One of the abiding memories of an unforgettable night for Ajax at the Santiago Bernabeu was the Dutch club's fans serenading their Real Madrid counterparts with Monty Python's 'Always Look on the Bright Side of Life' as it became clear that the hosts' three-year reign as the kings of Europe was coming to a depressingly feeble end.
That may have been immensely amusing for the visitors but a 4-1 home loss was no laughing matter for Santiago Solari and his side, who, in the space of a week have been knocked out of the Copa del Rey, fallen 12 points behind Barcelona in La Liga, and eliminated from the Champions League.
It has, as Dani Carvajal bluntly admitted afterwards, been "a sh*t season" for Real and the backlash is going to be brutal.
It's already been pretty rough, in fairness, with the front page of Wednesday's MARCA displaying a photo of the Bernabeu with the headline "Here lies a team that made history".
We're now poised for a massive clear-out in Madrid, with under-pressure president Florentino Perez poised to radically and ruthlessly overhaul the playing staff in a desperate bid to deflect attention away from his own failings.
So, which underperforming superstars should be sold? And who should survive the cull?...
DEFENCE: Varane in, Ramos out
THIBAUT COURTOIS: Real Madrid couldn't prise David de Gea away from Manchester United, so they turned to Thibaut Courtois instead. They felt that the 'best goalkeeper' at last summer's World Cup would be an upgrade on Keylor Navas. They were wrong. The former Chelsea No.1 obviously feels right at home in Madrid but he never looks remotely comfortable at the Bernabeu, particularly with the ball at his feet. The Belgian insists he's "not bad" but, to be brutally honest, that's not good enough for a Real Madrid goalkeeper. Still, given the De Gea dream has died, and it would be impossible to persuade Manchester City, Liverpool, Atletico Madrid or Barcelona to part company with the game's truly elite shot-stoppers (Ederson, Alisson, Jan Oblak and Marc-Andre ter Stegen), Courtois is likely to be afforded a stay of execution.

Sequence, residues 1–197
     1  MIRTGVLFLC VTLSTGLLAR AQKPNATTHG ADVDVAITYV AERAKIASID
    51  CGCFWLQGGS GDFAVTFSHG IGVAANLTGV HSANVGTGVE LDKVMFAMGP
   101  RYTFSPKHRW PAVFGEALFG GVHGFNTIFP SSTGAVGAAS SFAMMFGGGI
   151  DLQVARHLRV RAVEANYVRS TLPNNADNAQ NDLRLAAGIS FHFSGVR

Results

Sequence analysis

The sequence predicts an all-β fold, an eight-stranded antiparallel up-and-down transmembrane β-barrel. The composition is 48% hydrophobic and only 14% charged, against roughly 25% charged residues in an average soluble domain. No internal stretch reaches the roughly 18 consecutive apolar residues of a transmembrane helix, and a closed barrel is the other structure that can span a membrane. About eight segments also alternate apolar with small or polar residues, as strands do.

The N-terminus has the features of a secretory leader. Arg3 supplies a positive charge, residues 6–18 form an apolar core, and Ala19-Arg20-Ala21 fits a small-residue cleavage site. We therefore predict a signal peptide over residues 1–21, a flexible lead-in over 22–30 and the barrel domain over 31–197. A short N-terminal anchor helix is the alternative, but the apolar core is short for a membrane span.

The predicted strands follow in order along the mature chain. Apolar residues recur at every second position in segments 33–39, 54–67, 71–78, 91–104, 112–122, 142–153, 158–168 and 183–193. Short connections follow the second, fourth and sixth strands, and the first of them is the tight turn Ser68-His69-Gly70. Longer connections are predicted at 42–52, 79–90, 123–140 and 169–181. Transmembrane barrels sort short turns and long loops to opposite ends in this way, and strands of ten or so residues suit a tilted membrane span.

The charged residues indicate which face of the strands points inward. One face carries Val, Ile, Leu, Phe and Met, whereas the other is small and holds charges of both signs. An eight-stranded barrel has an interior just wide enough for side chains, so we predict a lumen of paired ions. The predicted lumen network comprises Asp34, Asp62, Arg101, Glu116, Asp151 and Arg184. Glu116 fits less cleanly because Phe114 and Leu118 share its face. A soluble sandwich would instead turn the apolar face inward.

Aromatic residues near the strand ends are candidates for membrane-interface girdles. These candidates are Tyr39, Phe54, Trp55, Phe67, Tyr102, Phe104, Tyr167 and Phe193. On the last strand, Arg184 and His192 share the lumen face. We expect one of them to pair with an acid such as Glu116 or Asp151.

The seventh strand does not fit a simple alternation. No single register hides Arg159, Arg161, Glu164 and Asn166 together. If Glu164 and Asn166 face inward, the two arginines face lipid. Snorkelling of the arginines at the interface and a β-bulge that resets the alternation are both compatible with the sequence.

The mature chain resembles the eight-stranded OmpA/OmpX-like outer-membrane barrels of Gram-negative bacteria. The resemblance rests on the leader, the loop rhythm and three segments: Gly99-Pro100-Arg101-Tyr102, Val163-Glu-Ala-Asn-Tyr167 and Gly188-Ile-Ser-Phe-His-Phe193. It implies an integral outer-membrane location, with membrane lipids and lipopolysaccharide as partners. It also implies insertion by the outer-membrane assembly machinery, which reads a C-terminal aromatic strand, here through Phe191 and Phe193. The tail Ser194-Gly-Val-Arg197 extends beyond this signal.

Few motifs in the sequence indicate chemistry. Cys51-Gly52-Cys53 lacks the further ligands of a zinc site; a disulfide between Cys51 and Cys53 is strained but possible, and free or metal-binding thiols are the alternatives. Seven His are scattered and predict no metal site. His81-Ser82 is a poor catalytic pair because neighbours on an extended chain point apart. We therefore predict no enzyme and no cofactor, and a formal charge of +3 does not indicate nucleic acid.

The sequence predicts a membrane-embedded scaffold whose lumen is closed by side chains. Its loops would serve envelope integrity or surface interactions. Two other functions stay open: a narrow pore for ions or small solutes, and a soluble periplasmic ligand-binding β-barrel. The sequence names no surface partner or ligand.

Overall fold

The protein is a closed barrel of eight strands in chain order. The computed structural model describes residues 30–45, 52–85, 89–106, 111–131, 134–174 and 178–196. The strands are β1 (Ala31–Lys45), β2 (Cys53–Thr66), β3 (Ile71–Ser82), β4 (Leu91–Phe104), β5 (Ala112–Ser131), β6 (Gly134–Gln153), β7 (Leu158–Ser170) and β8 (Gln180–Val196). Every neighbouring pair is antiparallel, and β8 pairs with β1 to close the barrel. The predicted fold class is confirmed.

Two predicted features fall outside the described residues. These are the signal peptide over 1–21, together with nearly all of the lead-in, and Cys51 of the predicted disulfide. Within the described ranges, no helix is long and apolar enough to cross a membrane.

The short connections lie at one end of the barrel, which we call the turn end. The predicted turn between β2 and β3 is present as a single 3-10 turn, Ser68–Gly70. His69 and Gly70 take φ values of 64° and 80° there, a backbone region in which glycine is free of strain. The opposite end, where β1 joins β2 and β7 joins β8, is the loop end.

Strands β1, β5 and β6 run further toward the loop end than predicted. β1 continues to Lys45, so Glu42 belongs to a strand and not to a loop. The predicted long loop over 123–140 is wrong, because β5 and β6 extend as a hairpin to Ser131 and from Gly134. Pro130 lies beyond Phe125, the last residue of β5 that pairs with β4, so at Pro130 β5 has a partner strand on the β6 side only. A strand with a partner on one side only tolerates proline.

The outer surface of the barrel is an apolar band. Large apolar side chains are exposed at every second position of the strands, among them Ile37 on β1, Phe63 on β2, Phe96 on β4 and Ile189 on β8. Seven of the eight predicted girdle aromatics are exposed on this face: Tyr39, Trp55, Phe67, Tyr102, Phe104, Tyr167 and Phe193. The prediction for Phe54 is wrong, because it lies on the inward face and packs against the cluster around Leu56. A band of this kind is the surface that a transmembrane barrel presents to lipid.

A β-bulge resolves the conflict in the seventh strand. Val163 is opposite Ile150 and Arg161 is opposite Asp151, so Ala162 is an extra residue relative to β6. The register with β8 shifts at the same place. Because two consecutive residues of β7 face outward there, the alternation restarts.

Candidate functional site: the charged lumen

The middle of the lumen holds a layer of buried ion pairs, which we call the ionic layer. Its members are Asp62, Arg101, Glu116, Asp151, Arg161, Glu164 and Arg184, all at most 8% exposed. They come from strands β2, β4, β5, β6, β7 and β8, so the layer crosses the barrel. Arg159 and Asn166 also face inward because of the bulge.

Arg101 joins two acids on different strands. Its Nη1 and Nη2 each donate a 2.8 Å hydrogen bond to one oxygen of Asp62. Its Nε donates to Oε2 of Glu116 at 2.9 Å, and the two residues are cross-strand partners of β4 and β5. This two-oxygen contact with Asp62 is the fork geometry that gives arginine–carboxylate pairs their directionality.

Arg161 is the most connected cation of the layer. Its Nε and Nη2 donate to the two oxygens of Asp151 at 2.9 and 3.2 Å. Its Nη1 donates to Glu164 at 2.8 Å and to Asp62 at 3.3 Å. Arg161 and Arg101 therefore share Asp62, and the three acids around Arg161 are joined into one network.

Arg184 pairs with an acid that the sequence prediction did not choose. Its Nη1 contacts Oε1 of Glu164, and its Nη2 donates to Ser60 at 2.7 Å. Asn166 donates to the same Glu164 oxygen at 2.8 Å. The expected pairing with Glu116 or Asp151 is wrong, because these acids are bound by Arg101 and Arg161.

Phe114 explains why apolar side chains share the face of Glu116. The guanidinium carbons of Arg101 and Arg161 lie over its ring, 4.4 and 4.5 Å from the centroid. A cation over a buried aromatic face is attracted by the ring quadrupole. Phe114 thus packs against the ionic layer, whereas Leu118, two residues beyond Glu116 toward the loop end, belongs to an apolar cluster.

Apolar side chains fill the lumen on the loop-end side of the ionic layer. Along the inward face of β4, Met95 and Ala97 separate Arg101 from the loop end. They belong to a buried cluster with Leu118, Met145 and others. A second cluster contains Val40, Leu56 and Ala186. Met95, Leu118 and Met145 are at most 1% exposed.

KEYLOR NAVAS: It's difficult not to feel a large degree of sympathy for Keylor Navas. As the man himself has said, "I went from winning three Champions Leagues to not playing!" The Costa Rican will not endure that ignominious and nonsensical demotion any longer. Not even a dodgy fax machine will prevent him from leaving at the end of the season.
SERGIO RAMOS: 'Nero fiddled while Rome burned' - Sergio Ramos was sitting in the stands, having got himself deliberately suspended for the second leg of a tie that he felt was over, as Real's European empire was brought crashing down by Ajax. For all his leadership qualities, this was a gross and stupid dereliction of duty on the defender's part and, in truth, it should at least cost him the captaincy. Ramos, though, retains incredible sway at the Bernabeu. It was he, after all, who sent a coded public warning to his employers about their interest in hiring noted disciplinarian Antonio Conte to replace Julen Lopetegui. In that sense, Madrid are now in a mess partly of Ramos' making. The next permanent coach would be well advised to immediately assert his authority on the senior squad by offloading a dreadfully reckless player who has long been a liability. As Goal has confirmed, Ramos and Perez clashed after the Ajax loss, meaning the defender's departure is actually possible - even more so now that former sparring partner Jose Mourinho is set to take over. Getting rid of Ramos would be the right call, too, because even as a player, he is no longer as strong as he once was, as we saw in last weekend's Clasico. The best way to rebuild Real would be to remove one of the crumbling pillars of their European success.